July 7, 2017

Healthcare: graph and primer

Two recommended links: One to a very simple graph illustrating the cost-benefit reality of the US healthcare system. And the other, a very simple breakdown of the five basic forms of health insurance.

The Affordable Care Act, or Obamacare, in essence, is a mandate for those without health insurance to purchase a plan. The government then contributes to lowering one's monthly premium costs. It's not a great system, but it's a better system. One that needs further improvement, such as greater subsidies or the creation of a "public option," that is, a government-run insurance policy that would compete with the private market. Yet, due to politically generated market instability and health insurance companies operating with little restraint, premiums and deductibles have gone up for many people, sometimes dramatically.

The ACA is a case of the federal government raising (slightly) taxes on higher incomes to provide subsidies and expanded health services. The Republican Party is therefore ideologically opposed—despite the fact that key components of the ACA were originally forged by the Heritage Foundation, a Republican think tank.

Nevertheless, the GOP was incensed by the passage of the ACA into law. They feared its success (which it can boast) and its popularity (likewise), and for that reason the Republicans have arduously sought to destroy it: "repeal and replace." The draft of the replacement healthcare bill recently presented by Senate Republicans—which predictably cuts taxes and services—achieved 17 percent popular approval.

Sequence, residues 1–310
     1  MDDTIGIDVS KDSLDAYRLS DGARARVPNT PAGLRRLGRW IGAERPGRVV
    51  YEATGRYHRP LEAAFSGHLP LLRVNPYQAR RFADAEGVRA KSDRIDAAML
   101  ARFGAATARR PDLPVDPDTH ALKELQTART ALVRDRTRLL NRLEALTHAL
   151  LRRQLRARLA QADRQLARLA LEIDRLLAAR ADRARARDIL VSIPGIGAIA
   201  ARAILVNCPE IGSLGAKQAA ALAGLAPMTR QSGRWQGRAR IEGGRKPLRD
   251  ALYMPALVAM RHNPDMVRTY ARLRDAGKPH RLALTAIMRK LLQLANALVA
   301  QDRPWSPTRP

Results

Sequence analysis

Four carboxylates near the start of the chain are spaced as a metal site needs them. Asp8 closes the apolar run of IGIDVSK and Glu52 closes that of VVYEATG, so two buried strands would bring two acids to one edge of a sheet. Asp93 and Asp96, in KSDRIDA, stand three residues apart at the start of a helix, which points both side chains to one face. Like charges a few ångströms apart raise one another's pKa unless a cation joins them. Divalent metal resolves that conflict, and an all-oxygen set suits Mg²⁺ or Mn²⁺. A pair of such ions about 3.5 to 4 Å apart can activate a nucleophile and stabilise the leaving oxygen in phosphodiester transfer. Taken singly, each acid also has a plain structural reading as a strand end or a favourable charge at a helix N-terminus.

So, for now, we merely have a bad healthcare system, unless the GOP can successfully make it worse. According to the 2016 Bloomberg index on healthcare efficiency, ranking 55 nations, the United States is near the bottom (number 50) nestled between Libya, Belarus, and Serbia above, and Jordan, Colombia, and Azerbaijan below.

Unlike its neighbors in that list, the US population has far easier influence in these matters.

June 15, 2017

NYT: "An overly cautious, centrist ideology"

Yesterday, in a New York Times op-ed piece, Bernie Sanders made a number of sound points concerning where the Democratic Party should be headed. (Basically, to become an actual labor party.) Even before happening upon the piece, I had been thinking for a while about the NYT's treatment of Sanders, his supporters, and policy specifics they champion like single-payer healthcare.

Predictably, the paper has been somewhat dismissive, at times condescending. Recent examples can be found here, here, and here; the first of the three also appeared in yesterday's paper a few pages before the Sanders op-ed.

Sanders's choice of forum was apt, as I am sure he's aware of the NYT's viewpoint. When he states in his essay that "too many in our party cling to an overly cautious, centrist ideology," he chose words certainly appropriate to the Times's orientation.

The NYT prefers its Democrats cut from the Clinton-Obama bolt of fabric. And anything a sixteenth of an inch to the left of what are basically Republicans from a bygone era is treated with a patronizing, avuncular patience.

With 2020 in mind and the 2018 midterms soon in sight, many of the forces working against substantive political progress in the United States will be "liberal." This despite the fact that the policies that Sanders and his supporters are talking about have majority support. They are, in point of fact, centrist.

On the topic of healthcare and the midterm elections, House minority leader Nancy Pelosi recently maintained that "state-level action was more appropriate" as an overall party strategy. "The comfort level with the broader base of the American people," she argued regarding a single-payer system, "is not there yet" (third "here" above).

The polling data for now many years, however, tells a different story. And little by little, especially in places like California, universal healthcare is getting the attention it deserves.